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Football Training: Quarterback Drills and Exercises



No player in any sport is more vital to a team’s success than the quarterback, and these drills will make sure your throws are on point.

The team runs through QB – and the QB better be prepared, both mentally and physically, for gameday. Preparation is perspiration, and any worthy field general must put in the work to make the fundamentals second nature. Only then can a quarterback devote his attention to the game.

These are the best drills and exercises to propel a quarterback to the top of his game.

Proper Throwing Mechanics

Back in the days of leather helmets and wool jerseys, there was a common belief among coaches that you couldn’t teach a quarterback how to throw. He either had it or he didn’t – and you could only coach up a QB’s other skills like footwork and decision-making. Those days are long gone, and the evolution of the mechanics can be seen in all professional QBs. From three-quarter sidearm to pure pro-style, today’s QBs have been coached up to throw more powerfully, accurately and effortlessly than when they were just blue chips. To learn the proper mechanics requires practice.

Quick Delivery

Accuracy is worthless if the QB can’t get the ball out of their hands fast, and even the best offensive line can’t protect him forever. Like most quarterback drills, an effective quick release drill requires a friend or two and several footballs. Position a receiver downfield about ten yards, and have another friend toss you balls from just a few feet ahead of you. Quickly find your grip on the laces and throw to your receiver downfield. As soon as you release, be prepared for another ball in your hands tossed by your ball assistant. They key is to not look for the ball, but to feel for it, and remember to step forward and into your throw. Go until you run out of footballs, then collect them back and go some more. An effective quick release program can help with arm stamina as well as delivery. Remember throughout the exercise to keep your form correct.


Despite having a focus on quick delivery, accuracy still counts. It’s important that a quarterback can put a football where it needs to be. To hit spots during a game, QBs have to first learn how to throw to those spots during practice. Accuracy is one skill that a quarterback can hone without the help of a friend. The old hanging tire exercise really does work. Get several footballs and sling them through a hanging tire to work on short throws. Swing the tire to increase difficulty. Practice your three-step drop and scramble, and work up a sweat. Fatigue makes inaccurate passers of quarterbacks who aren’t well conditioned. Set goals and keep throwing. You can hope you’re practicing harder than your competition, or you can guarantee it.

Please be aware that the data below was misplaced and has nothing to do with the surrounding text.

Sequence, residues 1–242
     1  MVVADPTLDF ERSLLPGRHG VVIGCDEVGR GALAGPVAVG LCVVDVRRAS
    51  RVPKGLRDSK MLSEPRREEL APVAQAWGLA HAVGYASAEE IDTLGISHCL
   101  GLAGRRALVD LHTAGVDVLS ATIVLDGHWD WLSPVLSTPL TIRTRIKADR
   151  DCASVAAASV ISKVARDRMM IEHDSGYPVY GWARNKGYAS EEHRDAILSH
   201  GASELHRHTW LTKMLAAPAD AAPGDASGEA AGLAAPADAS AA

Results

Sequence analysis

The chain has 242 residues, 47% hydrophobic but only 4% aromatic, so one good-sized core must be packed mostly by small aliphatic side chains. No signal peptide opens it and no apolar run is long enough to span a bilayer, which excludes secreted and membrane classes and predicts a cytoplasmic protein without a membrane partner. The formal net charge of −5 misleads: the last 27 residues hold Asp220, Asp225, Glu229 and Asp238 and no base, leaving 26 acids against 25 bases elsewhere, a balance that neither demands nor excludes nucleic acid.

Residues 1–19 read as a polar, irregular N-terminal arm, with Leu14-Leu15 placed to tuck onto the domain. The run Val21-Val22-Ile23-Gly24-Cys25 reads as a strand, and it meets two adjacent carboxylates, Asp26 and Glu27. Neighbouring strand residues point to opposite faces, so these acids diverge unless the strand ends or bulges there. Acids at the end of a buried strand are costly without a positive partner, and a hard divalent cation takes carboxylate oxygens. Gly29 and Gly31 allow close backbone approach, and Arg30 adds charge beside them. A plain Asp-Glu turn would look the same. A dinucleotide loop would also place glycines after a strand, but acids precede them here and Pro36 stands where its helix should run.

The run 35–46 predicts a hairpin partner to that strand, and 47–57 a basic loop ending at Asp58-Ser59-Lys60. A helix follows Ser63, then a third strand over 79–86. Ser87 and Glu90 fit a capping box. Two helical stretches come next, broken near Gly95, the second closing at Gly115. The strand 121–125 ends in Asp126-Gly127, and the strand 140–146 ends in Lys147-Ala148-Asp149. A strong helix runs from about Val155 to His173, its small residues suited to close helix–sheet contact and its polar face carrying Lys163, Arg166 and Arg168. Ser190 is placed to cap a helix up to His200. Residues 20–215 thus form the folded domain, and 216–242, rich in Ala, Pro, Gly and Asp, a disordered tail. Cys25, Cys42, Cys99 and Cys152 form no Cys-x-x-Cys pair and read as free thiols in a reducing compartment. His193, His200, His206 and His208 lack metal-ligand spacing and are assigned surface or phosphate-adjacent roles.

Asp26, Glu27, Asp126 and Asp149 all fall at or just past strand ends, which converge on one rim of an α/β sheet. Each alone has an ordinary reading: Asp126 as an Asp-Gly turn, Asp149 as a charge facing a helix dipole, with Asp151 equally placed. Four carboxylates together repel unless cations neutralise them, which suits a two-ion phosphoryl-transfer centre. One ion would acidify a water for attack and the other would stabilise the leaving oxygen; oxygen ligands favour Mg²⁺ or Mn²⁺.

Arm Strength

For a quarterback, arm strength is, in fact, not just literal arm strength. Throwing the deep ball or straight shot down the middle requires full-body conditioning. From the feet to hips to fingers, a reliable QB transfers energy throughout his musculature to deliver the ball downfield. That’s why the ideal QB workout is a particular full-body workout. From dumbbell presses to dumbbell rows, a good football workout begins with upper-body strength building and then moves to weighted lunges, an exercise to develop balance. Other exercises, such as fire hydrants, improve hip strength and wall pushes to enhance release point.


You don’t have to be a mobile quarterback to focus on mobility. Footwork is an essential part of every QB’s game. To avoid getting hit, a QB has to have composure and pocket presence, and he has let his feet take him to safety while his mind reads the downfield options. Here again, practice is essential. Whether it’s 3-step, 5-step or 7-step drops, moving in a pocket is essential even if scrambling isn’t in the cards. To work on drop backs, practice ladder drills, remembering to keep the ball cocked at the shoulder and ready to fire. Introduce new obstacles such as cones into the workout, and move laterally and forward, simulating the movement necessary to avoid the pass rush. You won’t know the value of footwork until it saves you from getting sacked. If you’re hanging out in the pocket or scrambling outside, your feet are all that might save you, and they could win you the game.

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